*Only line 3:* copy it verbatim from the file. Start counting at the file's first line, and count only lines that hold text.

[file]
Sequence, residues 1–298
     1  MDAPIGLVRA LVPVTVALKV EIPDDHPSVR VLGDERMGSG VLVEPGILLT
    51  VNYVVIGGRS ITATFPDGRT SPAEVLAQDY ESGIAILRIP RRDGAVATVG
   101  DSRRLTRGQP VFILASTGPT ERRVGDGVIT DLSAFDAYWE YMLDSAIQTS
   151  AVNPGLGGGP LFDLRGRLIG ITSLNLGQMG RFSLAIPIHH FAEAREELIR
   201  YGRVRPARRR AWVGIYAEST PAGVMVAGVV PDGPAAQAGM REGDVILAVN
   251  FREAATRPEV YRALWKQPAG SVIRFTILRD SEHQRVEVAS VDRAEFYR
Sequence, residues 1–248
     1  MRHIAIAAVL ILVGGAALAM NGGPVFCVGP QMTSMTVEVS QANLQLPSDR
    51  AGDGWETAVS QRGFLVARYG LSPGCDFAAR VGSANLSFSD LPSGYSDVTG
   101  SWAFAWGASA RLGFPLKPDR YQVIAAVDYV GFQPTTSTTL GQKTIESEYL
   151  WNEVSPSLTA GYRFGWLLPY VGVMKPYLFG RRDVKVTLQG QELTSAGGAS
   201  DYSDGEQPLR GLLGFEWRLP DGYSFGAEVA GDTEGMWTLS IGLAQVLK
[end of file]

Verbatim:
    51  VNYVVIGGRS ITATFPDGRT SPAEVLAQDY ESGIAILRIP RRDGAVATVG